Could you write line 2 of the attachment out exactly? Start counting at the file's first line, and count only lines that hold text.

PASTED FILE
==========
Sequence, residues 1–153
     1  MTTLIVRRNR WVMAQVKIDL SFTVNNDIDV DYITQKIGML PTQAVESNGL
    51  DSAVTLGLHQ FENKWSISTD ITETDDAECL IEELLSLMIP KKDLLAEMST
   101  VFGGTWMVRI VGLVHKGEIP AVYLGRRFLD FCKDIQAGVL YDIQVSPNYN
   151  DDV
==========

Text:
     1  MTTLIVRRNR WVMAQVKIDL SFTVNNDIDV DYITQKIGML PTQAVESNGL